MK 354 Spring 2010

February 8, 2010

Michael Bay, Super Bowl Prove Disappointing

Filed under: blog #2 — Tags: , , — pmitch1 @ 2:49 am

Originally, I held off on writing this post because I had hoped that the Super Bowl would be filled with humorous, unexpected advertisements-I was wrong.  Apparently, slapstick comedy is on the rise because literally half the commercials aired last Sunday involved some kind of physical violence, usually and old woman getting tackled.  Sure, it’s funny to see an old lady get hit by a football player or win a boxing match against Mike Tyson but at this point, it’s almost become a cop-out.  If you have to rely on the gimmick of “the old woman” to be funny, you’re basically pulling a Michael Bay: “I guess I could try to work in some more character development so viewers actually care what’s happening to the people on screen or I could develop the plot so that the viewers are still interested even when things aren’t blowing up… Nah, I’ll just toss in some more explosions and special effects, it’ll look so cool.”  These kinds of spots, like Michael Bay movies, have little substance and therefore the average viewer will not even recall what was being advertised, let alone go out of their way to purchase it.

Ironically, it’s kind of a cop-out to make fun of Michael Bay, he’s a pretty easy target.

This is the kind of problem that many “unexpected” advertisements run in to.  While it may be funny to see 300-pound silverback gorilla roundhouse kick a midget, what could such a thing possibly have to do with buying a Hyundai or eating Doritos?  These kinds of commercials are entertaining in their own right, but that doesn’t make them successful pieces of advertising.  Yes the commercial is unexpected, but does its surprise make sense within the context of what the spot is advertising?  According to Chip and Dan Heath, authors of the book Made to Stick, in order to create an effective unexpected message you must identify the central message, find what is counterintuitive about that message, and then break your audience’s guessing machines along that counterintuitive dimension (p.72). The following ad for Avista Language School is aligned with these ideas and is a good example of an effective message that uses unexpectedness.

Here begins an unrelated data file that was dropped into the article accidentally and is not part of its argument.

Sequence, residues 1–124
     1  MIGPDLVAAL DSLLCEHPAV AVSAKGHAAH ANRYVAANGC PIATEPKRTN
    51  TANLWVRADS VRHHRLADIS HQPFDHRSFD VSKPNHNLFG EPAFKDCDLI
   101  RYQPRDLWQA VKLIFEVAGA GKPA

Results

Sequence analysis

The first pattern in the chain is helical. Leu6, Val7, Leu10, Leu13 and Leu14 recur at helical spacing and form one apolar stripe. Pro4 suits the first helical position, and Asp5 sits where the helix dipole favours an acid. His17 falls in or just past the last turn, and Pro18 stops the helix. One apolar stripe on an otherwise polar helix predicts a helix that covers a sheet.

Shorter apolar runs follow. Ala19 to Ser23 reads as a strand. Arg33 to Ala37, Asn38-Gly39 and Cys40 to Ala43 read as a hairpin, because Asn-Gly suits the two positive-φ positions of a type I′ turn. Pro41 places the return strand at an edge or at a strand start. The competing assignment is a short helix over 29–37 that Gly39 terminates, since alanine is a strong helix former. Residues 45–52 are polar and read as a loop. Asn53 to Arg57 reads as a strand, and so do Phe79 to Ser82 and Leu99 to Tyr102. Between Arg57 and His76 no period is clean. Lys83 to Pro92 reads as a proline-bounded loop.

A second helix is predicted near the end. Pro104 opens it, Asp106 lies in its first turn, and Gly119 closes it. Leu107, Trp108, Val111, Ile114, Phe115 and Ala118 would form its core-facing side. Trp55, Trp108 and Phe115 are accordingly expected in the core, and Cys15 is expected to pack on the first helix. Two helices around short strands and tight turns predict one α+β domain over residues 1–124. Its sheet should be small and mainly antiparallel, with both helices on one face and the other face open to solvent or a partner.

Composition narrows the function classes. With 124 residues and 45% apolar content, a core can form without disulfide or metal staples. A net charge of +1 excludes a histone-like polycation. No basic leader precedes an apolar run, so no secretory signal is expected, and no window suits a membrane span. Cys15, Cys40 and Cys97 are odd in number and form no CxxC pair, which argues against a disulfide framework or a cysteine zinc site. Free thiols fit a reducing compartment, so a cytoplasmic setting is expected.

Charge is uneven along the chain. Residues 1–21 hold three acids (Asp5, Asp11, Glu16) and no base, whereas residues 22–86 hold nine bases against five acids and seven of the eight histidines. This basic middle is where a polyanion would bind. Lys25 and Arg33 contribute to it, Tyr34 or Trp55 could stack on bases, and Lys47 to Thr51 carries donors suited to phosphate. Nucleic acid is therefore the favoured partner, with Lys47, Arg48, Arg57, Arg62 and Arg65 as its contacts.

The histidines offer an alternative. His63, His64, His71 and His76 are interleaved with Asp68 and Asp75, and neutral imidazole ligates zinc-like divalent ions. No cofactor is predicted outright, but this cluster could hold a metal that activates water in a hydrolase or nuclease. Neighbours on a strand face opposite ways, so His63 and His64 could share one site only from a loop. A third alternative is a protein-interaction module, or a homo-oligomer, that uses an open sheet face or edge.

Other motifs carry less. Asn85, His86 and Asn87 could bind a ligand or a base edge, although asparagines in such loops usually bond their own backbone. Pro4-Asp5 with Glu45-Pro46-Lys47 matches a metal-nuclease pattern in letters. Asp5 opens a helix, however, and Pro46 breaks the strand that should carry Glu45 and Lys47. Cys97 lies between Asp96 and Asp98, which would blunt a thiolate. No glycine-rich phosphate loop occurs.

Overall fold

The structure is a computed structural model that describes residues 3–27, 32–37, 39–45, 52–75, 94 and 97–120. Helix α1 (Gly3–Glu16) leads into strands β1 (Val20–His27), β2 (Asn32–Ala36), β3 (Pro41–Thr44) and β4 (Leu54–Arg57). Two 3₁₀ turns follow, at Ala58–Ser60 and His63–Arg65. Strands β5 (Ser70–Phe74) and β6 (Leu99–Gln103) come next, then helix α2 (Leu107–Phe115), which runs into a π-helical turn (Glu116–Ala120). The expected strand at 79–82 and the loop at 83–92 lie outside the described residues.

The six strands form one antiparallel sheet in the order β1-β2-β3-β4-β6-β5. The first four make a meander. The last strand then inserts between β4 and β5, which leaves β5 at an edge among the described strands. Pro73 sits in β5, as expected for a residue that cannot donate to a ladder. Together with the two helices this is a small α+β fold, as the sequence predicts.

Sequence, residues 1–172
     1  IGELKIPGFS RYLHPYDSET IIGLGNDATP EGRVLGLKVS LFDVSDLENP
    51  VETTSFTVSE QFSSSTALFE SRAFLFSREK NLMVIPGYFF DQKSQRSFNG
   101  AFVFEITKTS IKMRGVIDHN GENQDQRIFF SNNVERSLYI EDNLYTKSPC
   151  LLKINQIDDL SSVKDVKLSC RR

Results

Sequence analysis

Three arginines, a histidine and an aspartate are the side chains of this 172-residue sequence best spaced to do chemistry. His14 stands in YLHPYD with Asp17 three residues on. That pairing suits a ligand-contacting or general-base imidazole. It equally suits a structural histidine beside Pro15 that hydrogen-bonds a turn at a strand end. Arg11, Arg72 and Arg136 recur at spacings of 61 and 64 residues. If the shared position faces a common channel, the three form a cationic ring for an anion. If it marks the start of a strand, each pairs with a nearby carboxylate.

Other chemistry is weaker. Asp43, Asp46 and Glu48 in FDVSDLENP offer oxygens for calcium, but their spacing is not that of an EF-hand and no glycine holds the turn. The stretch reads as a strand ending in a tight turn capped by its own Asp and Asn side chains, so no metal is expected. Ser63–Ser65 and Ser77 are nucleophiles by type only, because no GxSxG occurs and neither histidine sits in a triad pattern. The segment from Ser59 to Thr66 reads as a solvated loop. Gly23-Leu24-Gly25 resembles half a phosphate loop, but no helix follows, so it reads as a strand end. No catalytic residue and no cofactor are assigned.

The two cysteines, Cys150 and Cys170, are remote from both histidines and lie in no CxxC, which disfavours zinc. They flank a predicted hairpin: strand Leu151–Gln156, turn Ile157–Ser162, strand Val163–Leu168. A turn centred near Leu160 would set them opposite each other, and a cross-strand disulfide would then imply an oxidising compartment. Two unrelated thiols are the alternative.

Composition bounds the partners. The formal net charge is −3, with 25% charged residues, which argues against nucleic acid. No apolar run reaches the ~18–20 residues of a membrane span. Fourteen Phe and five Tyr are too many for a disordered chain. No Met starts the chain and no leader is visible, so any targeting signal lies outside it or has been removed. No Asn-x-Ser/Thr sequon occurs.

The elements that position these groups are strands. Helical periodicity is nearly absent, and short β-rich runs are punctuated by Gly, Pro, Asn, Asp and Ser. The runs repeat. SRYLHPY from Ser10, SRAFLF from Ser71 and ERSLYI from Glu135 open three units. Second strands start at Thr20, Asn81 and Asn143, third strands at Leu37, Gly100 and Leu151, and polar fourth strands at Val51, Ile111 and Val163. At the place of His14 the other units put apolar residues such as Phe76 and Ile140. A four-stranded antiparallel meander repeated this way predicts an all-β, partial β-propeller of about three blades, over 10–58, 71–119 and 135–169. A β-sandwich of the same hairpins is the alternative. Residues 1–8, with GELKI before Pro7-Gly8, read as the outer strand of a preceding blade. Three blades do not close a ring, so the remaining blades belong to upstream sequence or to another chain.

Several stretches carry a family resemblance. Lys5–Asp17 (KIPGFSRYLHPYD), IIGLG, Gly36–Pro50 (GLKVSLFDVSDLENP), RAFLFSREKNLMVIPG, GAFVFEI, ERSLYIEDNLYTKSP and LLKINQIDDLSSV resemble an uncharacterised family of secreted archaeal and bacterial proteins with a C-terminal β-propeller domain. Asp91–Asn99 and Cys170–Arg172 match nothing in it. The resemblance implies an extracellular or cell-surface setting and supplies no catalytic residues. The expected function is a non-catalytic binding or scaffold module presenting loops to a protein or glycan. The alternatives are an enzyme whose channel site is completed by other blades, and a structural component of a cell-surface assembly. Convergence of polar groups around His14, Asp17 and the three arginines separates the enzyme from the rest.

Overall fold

Unlike many commercials that use random, over-the-top surprises for shock value, this commercial’s surprise is actually relevant to the product.  The fact that the fish uses another “language” to avoid danger highlights the core of the message; learning another language is useful.  The advertisement proves to be unexpected not just because a barking fish is surprising, but also because it introduces the idea of safety as an impetus for learning a new language.  The average person on the street doesn’t think,” I should learn Spanish because it may save my life one day,” although it is a very real possibility.  While the viewer may have speculated that the fish would not be eaten, few could have guessed it would produce a vicious bark to save itself.  Because this is so unexpected, it breaks the audience’s guessing machine. The fish’s unanticipated use of another language suggests that there are many unforeseen benefits to being multi-lingual.


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